car, ITAR-TASS reported on 24 April. The officer was 
attempting to return to Uzbekistan from Kyrgyzstan's Osh 
region when a routine inspection at a customs post revealed 
a briefcase on the back seat filled with heroin and opium. 
BP

END NOTE

DUMA RELENTS, APPROVES KIRIENKO

by Floriana Fossato

	Sergei Kirienko, President Boris Yeltsin's nominee for 
prime minister, was confirmed at the end of last week after 
being rejected twice earlier this month. As expected, 
deputies of the State Duma (lower house) decided to cast 
their ballots in private, using special ballots in an 
election-style polling booth. This slower method allowed 
Communist deputies to depart from the Party line against 
Kirienko, agreed by Party leaders, and to vote without being 
seeing.
	Only members of Grigorii Yavlinskii's Yabloko faction 
kept their word and refused--as a bloc--to vote. Most other 
factions were split. 
	Kirienko needed 226 votes to be approved by the 450-
member Duma. With a total of 251 deputies backing Kirienko 
and 25 voting against, the outcome is seen as a clear 
victory for Yeltsin, who had refused to compromise with the 
Communist opposition and to offer another candidate. Having 
waited until the very last moment before acknowledging that 
Yeltsin would resolutely stick with Kirienko, Communist 
leaders seem to have lost their opportunity to take part in 
consultations with the Kremlin on the formation of the new 
government. 
	Even if the Duma had again rejected Kirienko, Yeltsin 
would have had the constitutional right to appoint the young 
technocrat as premier. He would also have had the right to 
dissolve the Duma and call early elections. That would 
effectively have paralyzed the adoption of much-needed 
economic legislation for most of 1998. By contrast, the more 
pragmatic Federation Council (the upper house), had urged 
the Duma to confirm Kirienko and avoid plunging Russia into 
new political and economic uncertainty.
 	The leader of the Our Home is Russia faction, 
Aleksandr Shokhin, said after casting his ballot that he 
would meet with Kirienko the same day to discuss cabinet 
posts. Our Home is Russia is led by former Prime Minister 
Viktor Chernomyrdin, who the day before the vote had said 
the movement's 67-member parliamentary faction would support 
Kirienko. Shokhin said that, in his opinion, "at least two 
representatives" of Our Home is Russia will join the 
government and that one would possibly even be a deputy 
prime minister.
	Russian media noted before the vote that Shokhin, a 
former economics minister, was hoping to replace acting 
First Deputy Prime Minister Boris Nemtsov in a new 
government. Most analysts agree that Nemtsov, who originally 
brought Kirienko to Moscow, is likely to retain a prominent 
post in the new government.
	In recent weeks, "Nezavisimaya Gazeta" has led a 
strong campaign against Kirienko--apparently reflecting the 
view of Boris Berezovskii, the business magnates who 
controls the newspaper. Yeltsin is reported to have recently 
warned the magnate that he should limit his intrigues or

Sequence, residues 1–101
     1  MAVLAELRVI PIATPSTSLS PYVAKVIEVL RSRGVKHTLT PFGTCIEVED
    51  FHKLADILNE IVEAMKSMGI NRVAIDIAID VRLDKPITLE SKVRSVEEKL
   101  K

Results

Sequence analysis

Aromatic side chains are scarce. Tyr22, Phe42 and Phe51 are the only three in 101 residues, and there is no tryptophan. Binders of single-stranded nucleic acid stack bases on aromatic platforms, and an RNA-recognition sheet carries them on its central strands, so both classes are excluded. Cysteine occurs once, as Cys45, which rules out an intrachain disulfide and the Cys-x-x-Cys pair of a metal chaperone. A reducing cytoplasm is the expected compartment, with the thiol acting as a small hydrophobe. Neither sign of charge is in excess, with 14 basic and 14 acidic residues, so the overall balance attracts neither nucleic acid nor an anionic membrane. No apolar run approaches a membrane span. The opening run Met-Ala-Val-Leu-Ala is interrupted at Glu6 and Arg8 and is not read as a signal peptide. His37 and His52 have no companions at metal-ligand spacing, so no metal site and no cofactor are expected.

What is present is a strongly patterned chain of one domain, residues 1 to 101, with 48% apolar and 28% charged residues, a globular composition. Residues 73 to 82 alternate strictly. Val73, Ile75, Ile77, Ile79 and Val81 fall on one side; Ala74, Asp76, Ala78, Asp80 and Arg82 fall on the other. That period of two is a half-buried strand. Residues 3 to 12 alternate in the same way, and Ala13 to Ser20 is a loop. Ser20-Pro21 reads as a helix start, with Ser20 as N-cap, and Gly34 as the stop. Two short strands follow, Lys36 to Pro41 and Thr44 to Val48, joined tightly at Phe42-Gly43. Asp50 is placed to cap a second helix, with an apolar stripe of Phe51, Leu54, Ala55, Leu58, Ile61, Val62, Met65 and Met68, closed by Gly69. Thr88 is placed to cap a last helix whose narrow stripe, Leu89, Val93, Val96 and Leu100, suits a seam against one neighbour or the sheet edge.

leave the country. Berezovskii has denied those reports. 
However, Kremlin officials said in private conversations 
with RFE/RL correspondents that they believe unnamed 
"business interests" had influenced some deputies during the 
second round of vote, resulting in Kirienko's rejection. 
	Shortly before the third vote on Kirienko's 
nomination, "Nezavisimaya Gazeta" argued that the 
appointment of Kirienko might prove a "Pyrrhic victory" for 
Yeltsin if it prompted unnamed "oligarchs" to become the 
president's opponents. The newspaper also claimed that since 
Yeltsin sacked Chernomyrdin's government, Yeltsin has been 
unable to realize his goal of obtaining an "apolitical 
government of technocrats" that would better manage the 
economy. 
	On the same day as the third vote, Russian media 
controlled by business interests seen as close to 
Berezovskii ran reports about former Deputy Prime Minister 
Anatolii Chubais's possible appointment at Unified Energy 
Systems. First Radio Ekho Moskvy and then the commercial NTV 
television station quoted an unnamed source close to the 
presidential administration as saying that Yeltsin had 
assented to the appointment. Both the radio and the 
television are part of NTV Media Holding, a powerful media 
conglomerate controlled by Vladimir Gussinskii. 
	The presidential press service immediately 
"categorically denied" the rumor, and Chubais's spokesman 
Andrei Trapeznikov told RFE/RL that the reports were 
"political disinformation" designed to spoil the Duma vote 
and deter deputies from voting for Kirienko.
	In contrast, media financed by Oneksimbank, seen as 
close to Chubais and the so-called "reformist camp," have 
advocated appointing Chubais to head the electricity-
generating monopoly and putting Nemtsov in charge of 
supervising natural monopolies in the energy and 
transportation sectors. 
	Chubais's appointment, if confirmed by a meeting of 
the EES board of directors this month, would be welcomed by 
investors but would likely be bad news for some influential 
businessmen and politicians. Most observers agree it would 
keep Russia's second-largest company and most-traded stock 
in the hands of the reformist camp, thus giving the company 
the possibility to control one of the possible strategic 
sources of financing for the 2000 presidential election.
	Communist leaders' attempt to try to negotiate 
Chubais's possible appointment as a main condition for 
backing Kirienko was most likely a tactical mistake--
because, in the president's eyes, it may have linked the 
opposition with the "oligarchs." As one unidentified Kremlin 
official said recently, "Yeltsin is more and more convinced 
that he himself is a young reformer. After sacking 
Chernomyrdin and saying he wanted young people in the 
government to increase the pace of reform, the president is 
trying to stick exactly to what he said." 
	Skeptics, however, are asking how long Yeltsin will 
continue supporting the young reformers. He has provided 
ample proof in the past that his decisions can be most 
unpredictable. Also, Yeltsin's support will certainly not 
make it easier for Kirienko to work with a Duma that voted 
for him above all to maintain its own existence.

The author is a Moscow-based RFE/RL correspondent.